The question is whether Christians and Muslims worship the same God. Muslims would say that they do. For there is but one God, and to worship anything but that one God is not to worship God at all. Since Christians, Muslims, and Jews all worship the God who created the world, who called Abraham from Haran, and whose Scriptures were completed and perfected by the Qur’an, it seems obvious that they worship the same God.
 But the situation is more complex than that. The word “god” is a generic term. It means whoever or whatever is ultimate or final. But that does not yet identify or specify “god.” “God” can be whoever or whatever an individual or a group regards as ultimate or final. That is behind Martin Luther’s important question in his explanation to the first commandment in the Large Catechism. “What does it mean to have a god?” Luther asks. His answer: “A ‘god’ is the term for that to which we are to look for all good and in which we are to find refuge in all need. … Anything on which your heart relies and depends, I say, that is really your God.” But not everything on which we rely and depend is truly reliable and therefore truly “god.” To spell it with a capital “G” may mean that we would like it to be truly “god,” but it does not yet specify or identify “God.” When Americans sing, “God bless America,” we have a right to ask, “which “god” are you singing about?” It does not change things when Islam adds a definite article, “al” (the), to “Illah” (god) to get the word “Allah,” The God.
 When Islam identifies “Allah,” it does so in two ways. First, Muhammad is the final and perfect prophet of “Allah.” There were other “prophets” familiar to Jews and Christians, including Moses and Jesus. But Muhammad is final because, and this is the second way in which “Allah” is identified, the final will and word of “Allah” was dictated to Muhammad and is absolute in the Qur’an, the book of Islam. Because the Qur’an is final and perfect it is beyond critique.
 Christians identify “god” by the historical event of the crucifixion and resurrection of Jesus, the Jew. Christians are convinced that Jesus of Nazareth is more than a prophet, a precursor of Muhammad. Three things follow from this conviction.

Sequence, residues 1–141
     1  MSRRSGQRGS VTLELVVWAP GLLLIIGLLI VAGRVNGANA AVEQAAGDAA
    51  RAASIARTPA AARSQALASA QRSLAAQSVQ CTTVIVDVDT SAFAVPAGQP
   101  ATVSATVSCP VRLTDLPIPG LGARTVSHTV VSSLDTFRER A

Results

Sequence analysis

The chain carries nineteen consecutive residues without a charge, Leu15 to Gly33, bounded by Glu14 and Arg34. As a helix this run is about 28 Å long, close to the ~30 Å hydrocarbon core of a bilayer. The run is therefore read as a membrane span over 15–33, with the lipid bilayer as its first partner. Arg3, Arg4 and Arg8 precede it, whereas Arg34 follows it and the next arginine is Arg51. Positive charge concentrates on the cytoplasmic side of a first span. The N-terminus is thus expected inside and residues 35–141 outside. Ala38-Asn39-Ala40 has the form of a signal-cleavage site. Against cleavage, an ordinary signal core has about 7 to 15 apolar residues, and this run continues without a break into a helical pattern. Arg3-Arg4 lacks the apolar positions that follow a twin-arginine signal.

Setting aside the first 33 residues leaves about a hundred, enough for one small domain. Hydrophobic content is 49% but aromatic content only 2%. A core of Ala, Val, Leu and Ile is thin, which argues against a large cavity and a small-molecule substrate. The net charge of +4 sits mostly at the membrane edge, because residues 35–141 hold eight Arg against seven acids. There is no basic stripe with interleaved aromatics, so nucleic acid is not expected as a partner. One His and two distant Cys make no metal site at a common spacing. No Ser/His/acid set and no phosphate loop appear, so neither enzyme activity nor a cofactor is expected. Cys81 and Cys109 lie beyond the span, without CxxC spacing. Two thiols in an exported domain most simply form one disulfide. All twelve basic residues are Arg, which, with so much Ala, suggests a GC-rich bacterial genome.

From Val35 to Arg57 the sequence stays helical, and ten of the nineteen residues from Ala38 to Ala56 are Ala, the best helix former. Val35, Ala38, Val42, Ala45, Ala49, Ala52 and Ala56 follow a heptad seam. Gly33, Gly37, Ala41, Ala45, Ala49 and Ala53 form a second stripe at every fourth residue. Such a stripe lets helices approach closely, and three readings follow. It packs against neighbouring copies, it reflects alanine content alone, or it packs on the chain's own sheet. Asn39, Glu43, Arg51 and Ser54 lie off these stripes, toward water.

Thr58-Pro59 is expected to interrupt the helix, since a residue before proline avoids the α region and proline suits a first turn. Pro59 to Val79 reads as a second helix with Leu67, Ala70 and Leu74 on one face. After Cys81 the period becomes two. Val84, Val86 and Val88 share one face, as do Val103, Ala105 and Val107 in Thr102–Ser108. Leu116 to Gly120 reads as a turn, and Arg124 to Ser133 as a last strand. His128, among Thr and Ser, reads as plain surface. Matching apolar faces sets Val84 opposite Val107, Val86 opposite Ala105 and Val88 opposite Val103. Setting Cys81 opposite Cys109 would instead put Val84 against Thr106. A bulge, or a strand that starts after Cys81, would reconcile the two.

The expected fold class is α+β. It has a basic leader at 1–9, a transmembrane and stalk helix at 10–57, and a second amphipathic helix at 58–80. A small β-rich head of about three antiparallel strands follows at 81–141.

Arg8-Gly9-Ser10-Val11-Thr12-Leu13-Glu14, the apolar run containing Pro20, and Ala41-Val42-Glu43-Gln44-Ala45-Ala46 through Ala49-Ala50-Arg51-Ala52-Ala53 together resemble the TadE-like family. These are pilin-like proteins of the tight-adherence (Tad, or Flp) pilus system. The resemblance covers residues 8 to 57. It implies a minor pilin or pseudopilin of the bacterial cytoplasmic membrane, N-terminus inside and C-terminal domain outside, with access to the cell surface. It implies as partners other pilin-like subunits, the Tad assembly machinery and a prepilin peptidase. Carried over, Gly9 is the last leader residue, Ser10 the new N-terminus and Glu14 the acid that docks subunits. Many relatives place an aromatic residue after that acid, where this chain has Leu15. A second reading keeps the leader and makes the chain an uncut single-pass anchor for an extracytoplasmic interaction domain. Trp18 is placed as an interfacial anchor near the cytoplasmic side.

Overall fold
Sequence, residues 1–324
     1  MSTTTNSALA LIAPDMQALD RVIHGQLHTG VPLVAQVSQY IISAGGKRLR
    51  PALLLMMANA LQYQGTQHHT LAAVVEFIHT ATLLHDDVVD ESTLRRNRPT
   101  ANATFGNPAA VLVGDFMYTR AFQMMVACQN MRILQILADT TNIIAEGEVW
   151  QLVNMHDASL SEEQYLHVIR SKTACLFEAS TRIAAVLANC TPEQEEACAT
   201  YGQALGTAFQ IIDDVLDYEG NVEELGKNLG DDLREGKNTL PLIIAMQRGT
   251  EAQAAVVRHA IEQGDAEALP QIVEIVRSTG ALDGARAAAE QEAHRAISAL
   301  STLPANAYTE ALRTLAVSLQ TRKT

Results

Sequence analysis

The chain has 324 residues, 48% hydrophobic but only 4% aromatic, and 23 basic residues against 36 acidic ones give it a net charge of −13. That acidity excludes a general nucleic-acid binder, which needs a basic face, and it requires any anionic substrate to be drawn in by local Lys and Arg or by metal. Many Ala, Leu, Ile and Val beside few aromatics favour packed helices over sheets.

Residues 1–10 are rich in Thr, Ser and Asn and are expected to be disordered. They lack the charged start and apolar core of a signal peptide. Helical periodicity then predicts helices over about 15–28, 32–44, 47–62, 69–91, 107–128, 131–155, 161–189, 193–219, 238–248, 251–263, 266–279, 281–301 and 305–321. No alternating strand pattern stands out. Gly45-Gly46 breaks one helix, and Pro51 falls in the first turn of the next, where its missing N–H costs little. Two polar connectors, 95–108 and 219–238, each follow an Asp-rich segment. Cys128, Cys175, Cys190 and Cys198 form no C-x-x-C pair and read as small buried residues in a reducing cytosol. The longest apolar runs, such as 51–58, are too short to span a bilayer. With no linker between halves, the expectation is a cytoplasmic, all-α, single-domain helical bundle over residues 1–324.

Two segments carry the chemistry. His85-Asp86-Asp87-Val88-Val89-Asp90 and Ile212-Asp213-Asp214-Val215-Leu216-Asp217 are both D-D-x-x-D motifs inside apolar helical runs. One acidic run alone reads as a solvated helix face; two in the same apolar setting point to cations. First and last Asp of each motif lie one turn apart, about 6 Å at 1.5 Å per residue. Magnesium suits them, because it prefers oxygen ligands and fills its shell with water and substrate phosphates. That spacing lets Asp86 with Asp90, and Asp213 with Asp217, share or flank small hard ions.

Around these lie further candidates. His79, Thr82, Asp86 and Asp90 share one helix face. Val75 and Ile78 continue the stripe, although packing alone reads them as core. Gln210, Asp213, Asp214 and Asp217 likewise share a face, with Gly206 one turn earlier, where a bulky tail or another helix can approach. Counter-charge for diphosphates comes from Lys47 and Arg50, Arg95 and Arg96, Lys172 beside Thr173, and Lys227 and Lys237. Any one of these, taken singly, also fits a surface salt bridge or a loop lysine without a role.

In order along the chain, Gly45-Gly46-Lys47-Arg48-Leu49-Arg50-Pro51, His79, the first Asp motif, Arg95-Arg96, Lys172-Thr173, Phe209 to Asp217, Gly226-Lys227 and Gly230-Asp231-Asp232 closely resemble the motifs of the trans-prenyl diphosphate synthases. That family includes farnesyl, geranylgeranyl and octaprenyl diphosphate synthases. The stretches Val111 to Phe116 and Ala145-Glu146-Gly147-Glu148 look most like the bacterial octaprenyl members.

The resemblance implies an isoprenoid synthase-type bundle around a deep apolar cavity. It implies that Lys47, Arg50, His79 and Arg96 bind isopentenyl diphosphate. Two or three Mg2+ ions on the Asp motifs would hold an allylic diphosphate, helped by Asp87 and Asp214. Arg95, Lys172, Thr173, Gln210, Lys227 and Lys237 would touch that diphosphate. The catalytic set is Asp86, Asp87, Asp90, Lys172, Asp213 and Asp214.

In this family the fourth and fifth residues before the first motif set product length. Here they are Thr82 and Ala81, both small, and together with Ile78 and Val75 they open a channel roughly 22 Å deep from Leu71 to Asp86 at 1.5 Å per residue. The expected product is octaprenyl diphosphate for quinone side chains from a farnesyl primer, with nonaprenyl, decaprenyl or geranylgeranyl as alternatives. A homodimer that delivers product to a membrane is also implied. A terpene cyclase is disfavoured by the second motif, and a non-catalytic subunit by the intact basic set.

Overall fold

First, Jesus is the key to the identification of God. The resurrection of Jesus is not the resuscitation of a “righteous sufferer,” a Jewish concept. Rather, Jesus is beyond the power of death altogether. “Death has no dominion over him,” Paul writes in Romans 6:9. That means that Jesus, and not death, has the last word in history, in the cosmos. He is the Messiah of Israel and the world, that is, the final Judge. He will put everyone and everything in its rightful place. In him all things hold together (Colossians 1:17), and through him God will be everything in everyone (I Corinthians 15:28). Because of the resurrection the Trinitarian “Name” of God, Jesus, the Son, his Father, and the Holy Spirit, is now the Name by which God must be identified. The Trinity is the story which must be told of the true and only God because Jesus is the Messiah, because Jesus is Risen.
 Second, in the crucifixion of the Messiah God is revealed to be vulnerable. God is not an imperialistic ruler, but a vulnerable and suffering lover. God does not hand over the created world to its own destructive devices. God is handed over to suffering, pain, and death, the suffering of the Son, his Father, and the Holy Spirit, so that the power of sin and evil and death is overcome by and with good. The dynamic of the Holy Spirit is the dynamic of the Reign of God, God’s “project” of the victory of vulnerable and suffering love over all that is destructive in the universe. There are many individuals and movements, secular and religious, that sometimes or often serve the Reign of God in history. But Jesus alone is the grounding of the Reign of God in the history of God and in the history of the world. When Christians identify God with Jesus of Nazareth, they mean that Jesus is the grounding of all that Christians serve, and anticipate, and hope.
 Third, because Jesus alone reveals and embodies God in history, nothing else does. This introduces into Christianity a call to be humble about all human gifts, structures, and enterprises. The church is the community in which Christians live and serve, but it is not beyond critique and constant reform. It is fallible, sinful, often broken, often betraying its calling. It points beyond itself to the vulnerable and suffering God who lifts it up and makes the community that is “no people” be once again called “My people.” The church listens to and loves its Scripture as the “Word of God,” but it does not worship its book. It knows that it must trust some words of Scripture against other words of Scripture, that it must subject its book to relentless study, analysis, critique, that is must always listen to it anew, learn it anew, translate it anew. For its book is “Word of God” only as it points beyond itself to the Lord who alone is Word and revelation. The principle of self-critique, critique of its traditions, critique even of its book is essential to the identity of the God who is Jesus, his Father, and the Holy Spirit.
 The God of Islam does not seem to be recognizable in these Christian ways of identifying God. But because it is called to be shaped by the cross, Christianity cannot encounter another religion such as Islam on an imperialistic and conquering mission. It is called to witness through its own vulnerable and suffering love. And its judgments are very much penultimate, subject to critique, re-evaluation, and reform.